So what did we learn from the great inter-code challenge, the historical coming-together? That Wigan are probably better than Bath at rugby league than Bath are than Wigan at rugby union. And even that is arguable.
Sorry to sit on the fence about this, but far too much has been read into these occasions - even if we accept that they were something more than a double-headed gimmick with the handy spin-off of up to pounds 500,000 each for clubs who can use every penny.
All the fanciful talk of the eventual emergence of one rugby code, with Maurice Lindsay's estimate of five years now more or less endorsed by Tony Hallett, misses the point that this Twickenham fixture under union laws no less than the 82-6 Maine Road first leg under league rules exposed the differences just as much as the similarities.
The differences - in union's case its rucks, mauls, scrums and line-outs - are good reasons why the codes may not combine, and quite possibly should not, and anyway such an eventuality would need Lindsay and Hallett, Rugby Football League chief executive and Rugby Football Union secretary respectively, to generate a groundswell that goes beyond their own point of view.
You have only to look at the disparaging nonsense that passed as an explanation of rugby union handed out before Saturday's match by the RFL to see that there remains a chasm, though thank goodness it now concerns the relative merits of what happens on the field rather than the baggage of 101 years of mutual animosity.
But even supposing this alternative thesis - that rugby union and rugby league will carry on with their distinct identities - proves correct, the relationship is bound to change as a result of the new and highly significant interchangability we are already seeing. The threat to league of its players' leaving to join union is, after all, unprecedented.
Brian Ashton's mischievous assertion that Bath would fancy any of the Wigan players from one to 15 therefore contained a more serious message than it seemed. And when John Hall added that the club had not yet thought about it but would be interested to see who might become available he did not consider himself to be indulging in idle fantasy.
On the contrary, Bath's coach and manager are realists and though Ashton suggested it had been his side's best performance of the season it also exposed the same relative frailties as had been on view at Maine Road, especially the disparity in fitness which assisted Wigan's full-timers in finishing the game more strongly than Bath.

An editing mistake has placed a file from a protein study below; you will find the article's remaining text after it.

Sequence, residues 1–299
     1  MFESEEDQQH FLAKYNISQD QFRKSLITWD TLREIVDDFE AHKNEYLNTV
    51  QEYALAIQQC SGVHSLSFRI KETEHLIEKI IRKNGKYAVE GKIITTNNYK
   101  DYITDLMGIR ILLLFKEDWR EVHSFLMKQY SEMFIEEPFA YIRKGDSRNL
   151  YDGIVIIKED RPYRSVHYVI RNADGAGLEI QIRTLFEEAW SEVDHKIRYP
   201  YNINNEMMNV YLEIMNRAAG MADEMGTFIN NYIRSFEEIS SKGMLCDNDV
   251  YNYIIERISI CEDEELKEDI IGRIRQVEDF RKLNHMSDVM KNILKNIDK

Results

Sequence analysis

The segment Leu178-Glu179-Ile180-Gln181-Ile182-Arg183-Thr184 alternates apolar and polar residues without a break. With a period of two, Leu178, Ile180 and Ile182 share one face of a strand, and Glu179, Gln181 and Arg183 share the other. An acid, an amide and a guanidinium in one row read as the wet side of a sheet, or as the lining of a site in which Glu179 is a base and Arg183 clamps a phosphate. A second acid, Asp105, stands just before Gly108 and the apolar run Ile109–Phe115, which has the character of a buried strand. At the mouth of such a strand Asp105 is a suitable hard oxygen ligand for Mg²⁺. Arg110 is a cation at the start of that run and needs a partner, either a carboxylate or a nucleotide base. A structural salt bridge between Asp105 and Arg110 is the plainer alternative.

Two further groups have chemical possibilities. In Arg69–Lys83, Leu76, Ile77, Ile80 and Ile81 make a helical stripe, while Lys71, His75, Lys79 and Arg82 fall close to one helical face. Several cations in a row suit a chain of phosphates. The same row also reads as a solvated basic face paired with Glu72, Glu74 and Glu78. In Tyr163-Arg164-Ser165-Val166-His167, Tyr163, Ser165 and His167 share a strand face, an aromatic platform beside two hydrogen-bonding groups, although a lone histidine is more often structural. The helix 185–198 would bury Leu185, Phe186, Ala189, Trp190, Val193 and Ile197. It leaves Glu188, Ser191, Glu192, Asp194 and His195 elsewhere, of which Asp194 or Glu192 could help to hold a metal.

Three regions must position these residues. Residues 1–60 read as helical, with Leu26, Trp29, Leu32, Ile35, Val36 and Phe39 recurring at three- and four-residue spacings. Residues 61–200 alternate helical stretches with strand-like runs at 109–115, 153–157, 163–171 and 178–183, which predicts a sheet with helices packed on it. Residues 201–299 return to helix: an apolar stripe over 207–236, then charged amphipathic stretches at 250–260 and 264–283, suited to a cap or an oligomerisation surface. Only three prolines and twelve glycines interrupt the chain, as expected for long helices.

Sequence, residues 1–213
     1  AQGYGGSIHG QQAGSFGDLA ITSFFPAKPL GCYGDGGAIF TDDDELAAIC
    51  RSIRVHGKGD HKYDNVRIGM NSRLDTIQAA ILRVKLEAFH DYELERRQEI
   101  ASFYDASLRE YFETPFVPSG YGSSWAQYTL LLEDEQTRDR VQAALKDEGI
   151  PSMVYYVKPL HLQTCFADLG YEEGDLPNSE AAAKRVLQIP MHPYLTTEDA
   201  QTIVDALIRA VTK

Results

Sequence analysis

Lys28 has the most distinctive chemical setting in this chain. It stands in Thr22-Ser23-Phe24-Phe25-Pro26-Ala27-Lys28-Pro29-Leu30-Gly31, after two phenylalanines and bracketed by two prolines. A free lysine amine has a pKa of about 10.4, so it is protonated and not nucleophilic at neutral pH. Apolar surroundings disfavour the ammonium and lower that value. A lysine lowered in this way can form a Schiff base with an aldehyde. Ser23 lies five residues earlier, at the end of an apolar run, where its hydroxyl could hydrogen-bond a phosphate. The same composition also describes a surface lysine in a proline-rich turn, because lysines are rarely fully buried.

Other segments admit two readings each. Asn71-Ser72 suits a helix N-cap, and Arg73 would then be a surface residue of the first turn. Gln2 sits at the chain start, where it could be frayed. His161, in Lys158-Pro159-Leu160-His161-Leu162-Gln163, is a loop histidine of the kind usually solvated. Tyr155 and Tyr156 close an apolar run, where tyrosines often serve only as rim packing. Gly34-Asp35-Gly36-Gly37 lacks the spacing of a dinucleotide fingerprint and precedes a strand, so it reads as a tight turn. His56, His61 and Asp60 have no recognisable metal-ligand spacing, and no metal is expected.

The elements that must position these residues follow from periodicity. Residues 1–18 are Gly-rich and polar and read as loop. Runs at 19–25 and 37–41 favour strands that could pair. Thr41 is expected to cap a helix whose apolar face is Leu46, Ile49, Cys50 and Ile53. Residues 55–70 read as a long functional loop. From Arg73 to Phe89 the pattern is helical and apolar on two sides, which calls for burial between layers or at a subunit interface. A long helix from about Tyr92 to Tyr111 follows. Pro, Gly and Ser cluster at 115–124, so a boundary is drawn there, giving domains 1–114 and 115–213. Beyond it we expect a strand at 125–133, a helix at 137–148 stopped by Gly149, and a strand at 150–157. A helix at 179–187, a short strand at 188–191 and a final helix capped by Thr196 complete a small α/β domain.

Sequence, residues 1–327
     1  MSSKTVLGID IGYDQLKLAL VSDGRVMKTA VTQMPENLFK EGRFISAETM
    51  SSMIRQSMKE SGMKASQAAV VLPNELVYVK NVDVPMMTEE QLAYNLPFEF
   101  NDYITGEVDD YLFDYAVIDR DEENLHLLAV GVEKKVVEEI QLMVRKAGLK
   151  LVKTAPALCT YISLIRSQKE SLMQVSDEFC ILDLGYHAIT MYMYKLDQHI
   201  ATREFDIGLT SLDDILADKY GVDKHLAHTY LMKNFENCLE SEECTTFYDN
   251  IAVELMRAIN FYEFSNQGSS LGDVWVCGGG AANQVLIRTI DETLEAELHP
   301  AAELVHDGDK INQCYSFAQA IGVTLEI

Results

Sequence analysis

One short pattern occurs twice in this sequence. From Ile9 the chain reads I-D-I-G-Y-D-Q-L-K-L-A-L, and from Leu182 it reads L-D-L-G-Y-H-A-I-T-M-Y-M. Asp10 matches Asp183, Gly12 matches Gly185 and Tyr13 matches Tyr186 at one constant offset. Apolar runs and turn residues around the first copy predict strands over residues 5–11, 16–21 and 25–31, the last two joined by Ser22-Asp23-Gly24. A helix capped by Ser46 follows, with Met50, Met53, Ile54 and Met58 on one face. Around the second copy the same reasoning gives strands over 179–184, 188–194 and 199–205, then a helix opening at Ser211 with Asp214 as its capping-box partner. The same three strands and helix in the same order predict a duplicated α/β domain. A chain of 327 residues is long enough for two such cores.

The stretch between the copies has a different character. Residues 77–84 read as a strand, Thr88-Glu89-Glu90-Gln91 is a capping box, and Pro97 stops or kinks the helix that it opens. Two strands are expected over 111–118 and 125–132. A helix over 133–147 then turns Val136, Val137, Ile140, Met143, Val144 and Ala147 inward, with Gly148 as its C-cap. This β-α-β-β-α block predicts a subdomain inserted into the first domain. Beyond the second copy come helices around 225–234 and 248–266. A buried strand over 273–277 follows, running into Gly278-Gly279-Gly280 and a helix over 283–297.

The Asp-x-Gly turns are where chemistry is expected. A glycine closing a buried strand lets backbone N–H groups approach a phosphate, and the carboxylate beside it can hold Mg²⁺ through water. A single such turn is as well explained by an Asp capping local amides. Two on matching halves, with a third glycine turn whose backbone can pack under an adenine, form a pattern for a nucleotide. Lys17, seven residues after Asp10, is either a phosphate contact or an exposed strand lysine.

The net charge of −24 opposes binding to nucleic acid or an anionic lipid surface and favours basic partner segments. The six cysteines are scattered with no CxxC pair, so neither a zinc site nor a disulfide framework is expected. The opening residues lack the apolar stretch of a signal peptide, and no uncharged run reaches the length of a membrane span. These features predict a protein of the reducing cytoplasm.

For 45 minutes or so it had been harder going, however. Without over- indulging in the slow-motion rugby that would have been an ugly means of emasculation, Bath still forced the Wigan pack into predictable disintegration at the scrummage and so monopolised the line-out that Wigan won only a couple all afternoon.
Without the comfort of the play-the-ball Wigan had inordinate difficulty developing continuity in the tackle, and when they did get their hands on it made more handling mistakes under unfamiliar pressures than would have been conceivable in the relative freedom allowed by 13-a-side.
In fact for a while the game had a grotesquely lop-sided appearance as Bath, making an abundance of their own mistakes, built a substantial lead. That the first was a penalty try for a collapsed scrum carried a certain symbolism, but those that followed by Adedayo Adebayo, Jon Sleightholme and Adebayo again were products of attacking rugby that would have been recognisable in either code.
When Mike Catt and Phil de Glanville added further tries early in the second half Wigan appeared poised for an indignity as severe as that suffered by Bath at Maine Road. But as Bath ran out of energy, so Wigan came to better terms with rugby union's technicalities - most notably in the scrums - and they finished with honour not merely intact but enhanced.
Indeed, the two length-of-the-field tries created for Craig Murdock were better than anything Twickenham had witnessed all season. With Va'aiga Tuigamala also scoring and Ian Sanders adding Bath's seventh by the traditionally prosaic means of a pushover, Wigan matched Bath point for point in the second half - and that was an illustrious accomplishment in itself from most welcome visitors.
Bath: Tries Penalty try, Adebayo 2, Sleightholme, Catt, De Glanville, Sanders; Conversions Callard 3; Penalty Callard. Wigan: Tries Murdock 2, Tuigamala; Conversions Farrell 2.
Bath: J Callard; A Lumsden, P de Glanville (capt, J Ewens, 41-46, C Harrison, 73-74), A Adebayo (R Butland, 72), J Sleightholme (J Ewens, 57); M Catt, I Sanders; K Yates, G Dawe (G French, 72), V Ubogu (N McCarthy, 44), M Haag, N Redman, E Pearce, S Ojomoh, A Robinson.
Wigan: K Radlinski (A Craig,75); J Robinson, H Paul, G Connolly, M Offiah; J Lydon (M Cassidy h-t), C Murdock; T O'Connor, M Hall, N Cowie, G West (G Tallec, 49), A Farrell (capt), S Tatupu, S Quinnell (S Haughton, 47), V Tuigamala (A Johnson, 78).
Referee: B Campsall (Halifax).
Dave Hadfield has the Final Word, page 24Reuse content